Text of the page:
Constipated Patient Suffers Fatal Septic Shock Following Discharge

Heart Attack / Cardiology Expert

This case involves a 71-year-old female patient admitted for surgical aortic valve replacement and coronary revascularization. Following the surgery, she was found to have abdominal distension, nausea, lack of bowel movements and elevated white blood cell count. This went on for 4 days until the patient was discharged. The night before her discharge, a nurse requested the patient be seen by the critical care physician on-call due to her persisting symptoms and lack of bowel movement. The physician saw the patient and administered a variety of laxatives. Upon the patient’s discharge by an acute care nurse practitioner the following day, the patient was noted to have abnormally rapid breathing and heart rate, no bowel movements since surgery, and an elevated white blood cell count. Following her discharge, the patient continued to experience abdominal pain, distension, nausea, and constipation. The patient called the hospital’s cardiac-thoracic unit to inform them of her state. The physician who answered said the patient’s issues were intestinal related and suggested she call her doctor in the morning if she was not feeling better. The following morning the patient suffered a heart attack and passed away. The cause of death was septic shock due to small bowel infarction and obstruction.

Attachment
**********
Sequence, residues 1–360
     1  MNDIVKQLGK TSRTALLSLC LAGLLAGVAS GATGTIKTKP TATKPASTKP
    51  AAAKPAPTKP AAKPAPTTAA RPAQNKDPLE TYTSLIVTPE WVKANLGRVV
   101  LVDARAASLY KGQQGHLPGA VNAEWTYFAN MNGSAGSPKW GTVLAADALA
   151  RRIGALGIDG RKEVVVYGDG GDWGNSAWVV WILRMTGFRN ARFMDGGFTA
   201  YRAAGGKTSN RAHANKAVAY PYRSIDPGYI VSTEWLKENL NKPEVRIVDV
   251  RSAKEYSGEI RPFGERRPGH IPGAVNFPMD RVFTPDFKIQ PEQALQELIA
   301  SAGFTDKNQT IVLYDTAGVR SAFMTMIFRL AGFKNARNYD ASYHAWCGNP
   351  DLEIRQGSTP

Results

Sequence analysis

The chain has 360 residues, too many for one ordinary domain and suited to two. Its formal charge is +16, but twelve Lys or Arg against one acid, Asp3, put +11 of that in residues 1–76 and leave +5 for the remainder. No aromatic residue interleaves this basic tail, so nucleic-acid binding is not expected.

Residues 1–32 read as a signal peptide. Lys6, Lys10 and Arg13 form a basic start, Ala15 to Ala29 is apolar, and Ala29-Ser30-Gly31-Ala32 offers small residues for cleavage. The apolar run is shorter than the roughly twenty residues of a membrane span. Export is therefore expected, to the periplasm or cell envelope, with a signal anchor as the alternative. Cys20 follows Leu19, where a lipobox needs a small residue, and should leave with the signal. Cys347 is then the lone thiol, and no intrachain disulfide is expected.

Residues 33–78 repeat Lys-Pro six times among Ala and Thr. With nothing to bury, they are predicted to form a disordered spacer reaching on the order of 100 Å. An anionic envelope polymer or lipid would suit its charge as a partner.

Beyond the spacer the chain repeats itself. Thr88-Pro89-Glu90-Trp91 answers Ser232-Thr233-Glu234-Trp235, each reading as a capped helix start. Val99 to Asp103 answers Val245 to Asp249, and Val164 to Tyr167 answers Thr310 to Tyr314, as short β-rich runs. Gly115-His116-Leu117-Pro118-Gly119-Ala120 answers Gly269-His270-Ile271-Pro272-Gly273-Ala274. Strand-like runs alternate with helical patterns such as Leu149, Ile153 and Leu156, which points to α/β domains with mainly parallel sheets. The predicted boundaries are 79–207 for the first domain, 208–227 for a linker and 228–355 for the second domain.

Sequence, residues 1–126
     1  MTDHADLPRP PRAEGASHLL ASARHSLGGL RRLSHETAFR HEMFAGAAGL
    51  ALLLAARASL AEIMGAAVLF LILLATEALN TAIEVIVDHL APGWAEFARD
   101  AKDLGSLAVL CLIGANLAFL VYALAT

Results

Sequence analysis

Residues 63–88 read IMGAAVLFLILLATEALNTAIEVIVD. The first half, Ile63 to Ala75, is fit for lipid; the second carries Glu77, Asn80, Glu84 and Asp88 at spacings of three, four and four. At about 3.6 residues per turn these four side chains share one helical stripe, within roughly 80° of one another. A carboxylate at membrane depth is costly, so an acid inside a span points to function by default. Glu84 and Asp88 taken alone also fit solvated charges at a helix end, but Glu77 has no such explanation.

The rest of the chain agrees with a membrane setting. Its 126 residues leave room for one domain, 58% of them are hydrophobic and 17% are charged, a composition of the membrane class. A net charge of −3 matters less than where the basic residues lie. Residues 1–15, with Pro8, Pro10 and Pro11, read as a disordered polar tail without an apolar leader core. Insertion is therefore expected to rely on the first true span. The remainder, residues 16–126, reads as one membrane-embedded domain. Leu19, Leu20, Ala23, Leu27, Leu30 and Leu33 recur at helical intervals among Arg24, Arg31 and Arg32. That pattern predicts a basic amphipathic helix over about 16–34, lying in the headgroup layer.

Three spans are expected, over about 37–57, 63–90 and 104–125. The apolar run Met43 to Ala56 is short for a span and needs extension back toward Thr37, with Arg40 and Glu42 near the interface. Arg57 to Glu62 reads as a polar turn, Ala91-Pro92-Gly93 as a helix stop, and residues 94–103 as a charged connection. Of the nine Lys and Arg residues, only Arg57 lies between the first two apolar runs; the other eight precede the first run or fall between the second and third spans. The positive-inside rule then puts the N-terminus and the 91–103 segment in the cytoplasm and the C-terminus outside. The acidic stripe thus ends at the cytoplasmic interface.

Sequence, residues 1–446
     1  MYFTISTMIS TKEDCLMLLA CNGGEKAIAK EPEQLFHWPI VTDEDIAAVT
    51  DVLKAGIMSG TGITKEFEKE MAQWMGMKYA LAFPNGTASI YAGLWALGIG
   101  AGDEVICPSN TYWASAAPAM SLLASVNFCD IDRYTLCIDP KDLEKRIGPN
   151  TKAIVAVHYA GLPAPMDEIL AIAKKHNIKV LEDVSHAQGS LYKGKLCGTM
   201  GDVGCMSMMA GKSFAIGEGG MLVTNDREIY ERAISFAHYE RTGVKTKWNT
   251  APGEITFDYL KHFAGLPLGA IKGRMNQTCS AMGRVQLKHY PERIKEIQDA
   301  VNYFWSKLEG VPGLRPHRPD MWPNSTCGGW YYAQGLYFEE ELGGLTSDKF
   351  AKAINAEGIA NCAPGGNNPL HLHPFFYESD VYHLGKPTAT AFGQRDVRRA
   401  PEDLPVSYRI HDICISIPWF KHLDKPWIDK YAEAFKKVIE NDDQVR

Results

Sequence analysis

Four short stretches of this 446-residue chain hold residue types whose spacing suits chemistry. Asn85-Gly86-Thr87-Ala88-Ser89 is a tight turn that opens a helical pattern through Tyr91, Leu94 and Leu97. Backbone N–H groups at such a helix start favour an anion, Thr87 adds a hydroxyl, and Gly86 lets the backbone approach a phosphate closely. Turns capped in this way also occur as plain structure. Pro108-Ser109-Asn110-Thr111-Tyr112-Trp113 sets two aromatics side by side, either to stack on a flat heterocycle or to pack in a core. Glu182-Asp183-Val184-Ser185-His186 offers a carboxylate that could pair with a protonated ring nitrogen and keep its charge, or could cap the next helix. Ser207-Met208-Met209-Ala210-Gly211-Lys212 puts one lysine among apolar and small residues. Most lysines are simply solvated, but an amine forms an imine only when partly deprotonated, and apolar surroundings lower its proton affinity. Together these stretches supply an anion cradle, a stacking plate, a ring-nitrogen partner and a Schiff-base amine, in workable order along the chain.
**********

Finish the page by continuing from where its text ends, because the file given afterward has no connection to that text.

Question(s) For Expert Witness

  • 1. Do you have experience with patients like the one described in this case?
  • 2. Should a patient be discharged if he has unstable vital signs and an elevated WBC count after major surgery?
  • 3. Have you ever had a patient develop the outcome/complications noted in this case?

Expert Witness Response E-054581

Yes, I have experience with patients like the one described in this case. I was a coronary care unit RN for 5 years as well as a cardiology NP, so I am familiar with coronary revascularization and valve replacements. I currently work in hospital medicine and often deal with acute constipation/impaction and work-up for leukocytosis. In addition, I have surgical experience from working with the orthopedic spine population and am therefore familiar with opioid-induced constipation and the need for a scheduled bowel regimine. I have had patient develop acute bowel obstructions from chronic opioid use postoperatively and in those patients not on solid bowel regimines. The red flag here would be the persistent lack of a bowel movement and the question of whether or not serial CBCs were completed on this patient early in their presentation, especially in the setting of post-op leukocytosis. With the patient’s complaints the night before discharge this patient should have had a KUB (abdominal x-ray) completed to r/o obstruction. Also, were bowel sounds ever assessed on this patient post-op before feeding him? Was he tolerating PO? Was he febrile?


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